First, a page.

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A bitter war of words is raging in the US over the roll-out of broadband services across the country.

Those in favour of the Freedom and Broadband Deployment Act - introduced in July 1999 - believe it will give a much needed fillip to the sector by removing red-tape that ties the hands of the Regional Bell Operating Companies (RBOCs).

Opponents fear that the bill - known as Tauzin-Dingell after co-sponsors William 'Billy' Tauzin, a Republican from Louisiana, and John Dingell, a Democrat from Michigan - will make the telcos even more dominant and snuff out any chance of genuine competition.

The latest salvo comes from the American ISP Association, a vocal opponent of the bill, which claims that the four Bell giants already have a stranglehold on DSL deployment.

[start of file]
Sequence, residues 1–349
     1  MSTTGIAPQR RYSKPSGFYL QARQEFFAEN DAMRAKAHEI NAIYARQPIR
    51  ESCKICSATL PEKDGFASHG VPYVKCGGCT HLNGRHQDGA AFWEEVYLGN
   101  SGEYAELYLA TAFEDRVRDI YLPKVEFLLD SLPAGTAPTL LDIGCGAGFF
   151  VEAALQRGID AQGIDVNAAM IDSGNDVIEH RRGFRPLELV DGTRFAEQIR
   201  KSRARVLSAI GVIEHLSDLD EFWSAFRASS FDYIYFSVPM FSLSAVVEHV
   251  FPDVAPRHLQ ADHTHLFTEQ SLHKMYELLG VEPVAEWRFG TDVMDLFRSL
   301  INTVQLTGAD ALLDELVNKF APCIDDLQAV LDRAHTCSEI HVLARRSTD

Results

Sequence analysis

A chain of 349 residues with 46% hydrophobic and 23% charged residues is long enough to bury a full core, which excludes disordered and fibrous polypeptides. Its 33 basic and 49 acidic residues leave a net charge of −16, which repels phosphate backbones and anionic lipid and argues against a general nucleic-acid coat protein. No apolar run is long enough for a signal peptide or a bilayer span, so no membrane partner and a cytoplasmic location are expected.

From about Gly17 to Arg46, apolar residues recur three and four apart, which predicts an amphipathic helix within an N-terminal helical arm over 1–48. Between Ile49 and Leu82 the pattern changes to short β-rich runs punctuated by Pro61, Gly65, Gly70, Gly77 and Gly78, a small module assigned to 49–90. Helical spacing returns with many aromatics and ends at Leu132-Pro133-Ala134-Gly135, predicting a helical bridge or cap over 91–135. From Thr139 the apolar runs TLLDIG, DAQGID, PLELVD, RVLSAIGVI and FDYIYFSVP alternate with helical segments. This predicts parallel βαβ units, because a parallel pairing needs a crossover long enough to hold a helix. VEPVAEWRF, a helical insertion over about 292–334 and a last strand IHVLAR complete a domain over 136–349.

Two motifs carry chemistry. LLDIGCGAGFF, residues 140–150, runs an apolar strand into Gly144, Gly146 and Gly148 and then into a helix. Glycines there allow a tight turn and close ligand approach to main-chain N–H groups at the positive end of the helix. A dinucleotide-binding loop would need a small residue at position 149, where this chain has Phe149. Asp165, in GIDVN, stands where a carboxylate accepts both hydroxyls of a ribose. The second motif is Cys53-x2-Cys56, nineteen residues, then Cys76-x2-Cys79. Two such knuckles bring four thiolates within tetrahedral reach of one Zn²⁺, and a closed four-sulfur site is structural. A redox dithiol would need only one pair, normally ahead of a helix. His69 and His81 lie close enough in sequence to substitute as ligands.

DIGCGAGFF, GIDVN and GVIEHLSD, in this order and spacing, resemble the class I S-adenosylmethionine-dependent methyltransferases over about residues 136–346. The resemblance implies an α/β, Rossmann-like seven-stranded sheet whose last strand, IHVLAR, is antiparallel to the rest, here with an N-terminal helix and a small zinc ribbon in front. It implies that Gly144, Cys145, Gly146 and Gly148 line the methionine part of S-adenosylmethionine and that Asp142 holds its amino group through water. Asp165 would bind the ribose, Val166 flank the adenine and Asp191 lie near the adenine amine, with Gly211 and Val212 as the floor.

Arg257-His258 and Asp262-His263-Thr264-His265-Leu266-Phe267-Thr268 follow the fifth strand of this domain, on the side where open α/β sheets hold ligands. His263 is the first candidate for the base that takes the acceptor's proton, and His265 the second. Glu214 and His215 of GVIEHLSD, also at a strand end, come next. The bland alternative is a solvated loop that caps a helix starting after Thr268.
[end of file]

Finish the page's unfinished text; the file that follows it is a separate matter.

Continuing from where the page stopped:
It jumped on recent figures from the Federal Communications Commission (FCC) which showed that DSL growth during the final six months of 2000 was 108 per cent, with annual growth running at a whopping 453 per cent.

Said Sue Ashdown of AISPA: "The upshot of this FCC report could not be more clear: it's a straightforward factual presentation on surging broadband deployment that torpedoes the whole rationale for Tauzin-Dingell.

"Tauzin-Dingell is grounded in the idea that rolling back one of the most important consumer protections of the 1996 Telecom Act is necessary to help the four Bell giants roll out DSL lines. But a 453 per cent annual increase shows how shallow that reasoning is!

"The other crucial fact - not included in today's report - is that fewer than one in five consumer and business DSL lines is administered by competing
carriers. All the rest are under Bell company control.

"So DSL deployment is surging and the Bell giants have a stranglehold on it.

"Rather than pursuing the Tauzin-Dingell give-away to the Bells, Congress should instead focus on bringing healthier competition to the DSL industry," she said. ®

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